JEDDAH – We see them swarming between cars while we wait at a red-traffic light on major intersections, they follow us when we step out of crowded supermarkets, and we see them camping out on pavements in residential areas. Young children, women, and sometimes men with missing limbs beg on the streets and we are torn between offering help, or else denying them so that they learn to follow the legal ways of attaining assistance through the official charity organizations in the Kingdom.
Begging on the streets and homelessness is a social problem that persists in even the most developed and affluent countries of the world. It portrays a negative image of the country, contributes to littering and pollution, and poses dangers in communities as well.
Some sociologists in the Kingdom assert that having only eight anti-beggary offices in Saudi Arabia is insufficient to combat this problem. Furthermore, the responsibility for dealing with the issue of begging is repeatedly dropped on different governmental bodies, from the Ministry of Social Affairs to the Ministry of Interior and many others.
The head of the Social, Family and Youth Affairs Committee of the Shoura Council, Talal Al-Bakri, said to Al-Riyadh newspaper, “The Ministry of Social Affairs repeatedly says that it does not have the authority to apprehend beggars. The job of the anti-beggary offices is confined to Saudis caught begging and referring them to the charity organizations with the commitment that they will not return to such illegal actions. As for non-Saudis who do not have an iqama, they are detained and deported to their country of origin at the expense of the government of Saudi Arabia.”
Al-Bakri accuses many security officers of looking the other way and driving right past beggars on the streets pestering people for money.
Stricter regulations and much more effective efforts are needed to eradicate the ills of begging in the Kingdom. The areas where beggars make their daily routes are well-known so it would not be difficult to confront them. In the defense of the security patrol, most begging groups appoint one person to watch out for their patrol vehicles and warn the rest of the beggars to disperse and hide if security personnel make an appearance.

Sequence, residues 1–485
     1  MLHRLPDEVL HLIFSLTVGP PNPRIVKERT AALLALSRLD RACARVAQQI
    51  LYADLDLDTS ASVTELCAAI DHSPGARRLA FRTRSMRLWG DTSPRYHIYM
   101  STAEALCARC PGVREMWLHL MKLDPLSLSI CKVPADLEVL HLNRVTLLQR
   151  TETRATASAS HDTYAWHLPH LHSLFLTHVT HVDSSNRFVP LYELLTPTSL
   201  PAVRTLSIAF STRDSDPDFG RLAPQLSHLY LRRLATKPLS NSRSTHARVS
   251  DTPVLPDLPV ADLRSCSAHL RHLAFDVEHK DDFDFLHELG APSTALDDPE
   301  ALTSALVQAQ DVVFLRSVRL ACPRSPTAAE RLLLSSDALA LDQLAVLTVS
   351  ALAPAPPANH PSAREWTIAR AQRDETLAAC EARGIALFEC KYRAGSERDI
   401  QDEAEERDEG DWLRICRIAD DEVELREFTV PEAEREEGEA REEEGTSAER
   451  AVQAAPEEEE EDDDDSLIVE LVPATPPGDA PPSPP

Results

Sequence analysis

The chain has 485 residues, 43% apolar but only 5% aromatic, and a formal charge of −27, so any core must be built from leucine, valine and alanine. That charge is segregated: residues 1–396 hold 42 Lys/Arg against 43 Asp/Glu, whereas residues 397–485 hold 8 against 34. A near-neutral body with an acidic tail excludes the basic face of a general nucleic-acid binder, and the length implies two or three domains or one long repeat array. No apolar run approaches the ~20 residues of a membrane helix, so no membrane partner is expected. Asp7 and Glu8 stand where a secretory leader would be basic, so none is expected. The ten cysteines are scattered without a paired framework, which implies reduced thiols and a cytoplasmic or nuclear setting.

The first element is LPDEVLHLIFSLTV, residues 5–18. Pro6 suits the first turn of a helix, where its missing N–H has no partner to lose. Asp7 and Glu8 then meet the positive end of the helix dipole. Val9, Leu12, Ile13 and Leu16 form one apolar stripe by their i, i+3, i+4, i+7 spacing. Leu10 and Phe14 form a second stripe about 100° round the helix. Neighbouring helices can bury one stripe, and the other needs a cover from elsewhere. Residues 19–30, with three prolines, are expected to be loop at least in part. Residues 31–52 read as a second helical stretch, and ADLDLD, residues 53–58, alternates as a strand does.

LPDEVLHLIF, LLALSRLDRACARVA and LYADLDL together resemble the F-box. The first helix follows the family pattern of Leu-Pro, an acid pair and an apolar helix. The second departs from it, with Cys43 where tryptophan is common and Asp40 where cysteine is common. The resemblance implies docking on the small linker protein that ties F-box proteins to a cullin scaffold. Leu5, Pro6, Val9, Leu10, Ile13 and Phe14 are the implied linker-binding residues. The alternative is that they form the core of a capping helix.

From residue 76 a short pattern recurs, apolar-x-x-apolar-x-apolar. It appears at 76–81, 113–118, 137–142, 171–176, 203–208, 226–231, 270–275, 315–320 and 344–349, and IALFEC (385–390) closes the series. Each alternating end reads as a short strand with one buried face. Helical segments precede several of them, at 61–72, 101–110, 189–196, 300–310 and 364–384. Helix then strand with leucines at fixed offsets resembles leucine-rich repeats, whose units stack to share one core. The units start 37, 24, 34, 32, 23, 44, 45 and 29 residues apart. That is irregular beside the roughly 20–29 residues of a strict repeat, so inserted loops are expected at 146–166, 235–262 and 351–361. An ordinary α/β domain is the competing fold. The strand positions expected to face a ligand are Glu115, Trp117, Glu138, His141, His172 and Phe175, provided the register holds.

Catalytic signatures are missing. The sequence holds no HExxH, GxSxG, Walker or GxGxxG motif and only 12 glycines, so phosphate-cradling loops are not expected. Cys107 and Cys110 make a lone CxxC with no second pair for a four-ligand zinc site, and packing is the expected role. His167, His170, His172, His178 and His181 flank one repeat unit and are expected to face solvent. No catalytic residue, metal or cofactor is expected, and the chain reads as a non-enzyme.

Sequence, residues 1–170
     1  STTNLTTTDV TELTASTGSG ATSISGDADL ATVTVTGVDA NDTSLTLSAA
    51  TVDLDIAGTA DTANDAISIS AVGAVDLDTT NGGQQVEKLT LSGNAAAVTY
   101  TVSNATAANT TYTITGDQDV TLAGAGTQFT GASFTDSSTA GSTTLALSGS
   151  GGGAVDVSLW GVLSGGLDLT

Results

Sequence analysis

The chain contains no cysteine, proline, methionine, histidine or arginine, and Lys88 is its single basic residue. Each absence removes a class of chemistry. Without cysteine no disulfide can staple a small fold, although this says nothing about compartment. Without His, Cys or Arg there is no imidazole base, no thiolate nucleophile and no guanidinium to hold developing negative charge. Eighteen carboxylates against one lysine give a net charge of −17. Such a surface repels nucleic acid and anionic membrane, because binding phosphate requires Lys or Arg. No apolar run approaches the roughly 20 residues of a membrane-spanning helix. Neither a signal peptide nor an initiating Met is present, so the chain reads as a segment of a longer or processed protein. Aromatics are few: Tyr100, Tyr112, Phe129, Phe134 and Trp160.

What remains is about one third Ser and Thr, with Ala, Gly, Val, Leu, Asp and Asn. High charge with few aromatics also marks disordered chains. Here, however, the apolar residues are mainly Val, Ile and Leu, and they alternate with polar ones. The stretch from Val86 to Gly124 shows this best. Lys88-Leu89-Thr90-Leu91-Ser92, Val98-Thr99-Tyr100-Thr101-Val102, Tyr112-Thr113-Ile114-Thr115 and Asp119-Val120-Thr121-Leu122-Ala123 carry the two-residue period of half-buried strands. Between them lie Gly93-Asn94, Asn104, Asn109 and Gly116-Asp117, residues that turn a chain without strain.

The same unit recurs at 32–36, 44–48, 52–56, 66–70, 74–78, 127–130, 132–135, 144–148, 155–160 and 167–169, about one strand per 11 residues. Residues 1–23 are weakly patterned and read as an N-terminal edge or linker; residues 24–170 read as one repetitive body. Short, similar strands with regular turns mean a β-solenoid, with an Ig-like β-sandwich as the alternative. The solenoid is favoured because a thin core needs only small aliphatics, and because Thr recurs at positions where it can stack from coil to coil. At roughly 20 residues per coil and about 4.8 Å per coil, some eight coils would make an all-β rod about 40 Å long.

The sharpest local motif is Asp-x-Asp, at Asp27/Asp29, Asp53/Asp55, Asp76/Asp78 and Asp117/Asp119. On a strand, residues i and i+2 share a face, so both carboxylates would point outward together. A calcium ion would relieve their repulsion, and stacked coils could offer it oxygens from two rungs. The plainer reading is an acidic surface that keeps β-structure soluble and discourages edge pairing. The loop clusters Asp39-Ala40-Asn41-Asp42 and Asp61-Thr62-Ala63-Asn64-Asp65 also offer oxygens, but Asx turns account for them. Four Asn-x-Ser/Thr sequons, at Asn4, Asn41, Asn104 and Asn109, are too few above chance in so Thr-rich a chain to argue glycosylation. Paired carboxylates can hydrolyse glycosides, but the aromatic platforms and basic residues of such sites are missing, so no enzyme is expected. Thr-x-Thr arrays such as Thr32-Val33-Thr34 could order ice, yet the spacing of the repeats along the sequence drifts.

A recent study conducted by the Ministry of Social Affairs revealed that 88 percent of beggars on the Kingdom’s streets are non-Saudi and the majority of them are illegal immigrants. Many of the beggars work on the streets without even trying to conceal themselves in an attempt to get caught and obtain a free flight to their home country. One resident said, “I refuse to give healthy-looking, young men money because he should try to work and earn an honest living without extending his hand out to other people.”
The hazards that threaten the society as a result of widespread begging are more far reaching than first meets the eye.
Awad Al-Radadi, deputy chairman of the Social, Family and Youth Committee at the Shoura Council, said, “The phenomenon of begging poses serious safety risks and social dangers in our communities. There are actually gangs that force women and children into begging and confiscate all the money they are given. Some people take advantage of the kindness and generosity of Muslims and they play on people’s emotions. Other foreigners have perfected the Saudi accent persuade passers-by to give them larger amounts of money. These days it is difficult to differentiate between who is genuinely in need and who is a crook.”
“The phenomenon of begging will carry on as long as citizens and residents keep giving them money and do not report them to security officials. The average citizen means well by offering the beggars money but he or she is unintentionally hindering the community’s safety and stability,” continued Al-Radadi.
“In no way do we want to discourage people from helping the poor, assisting others, and alleviating their suffering. However, we want citizens and residents to be more careful and fully aware that their donation is going to someone who truly deserves and needs it. There are plenty of charity organizations that collect donations and distribute them to families living in poverty.”
Dr. Ahmad Asiri is a social researcher who specializes in criminology and he commented, “The practice of begging in society is not new and many more anti-beggary offices are needed to combat this social disease. Beggars can inflict much harm when they transgress and step over the practice of simply asking for money.
“Beggars who belong to gangs and are concentrated in residential areas closely study the daily schedule of household members of a given villa or apartment, and they know exactly when the house is empty. In many incidents, beggars become involved in home burglaries and robberies, stealing purses from women walking alone and committing theft in shops. Countless other moral and societal ills result from the congestion of beggars in our neighborhoods.”
In Asiri’s opinion, harsh penalties should be placed on anyone caught begging in the streets. – SG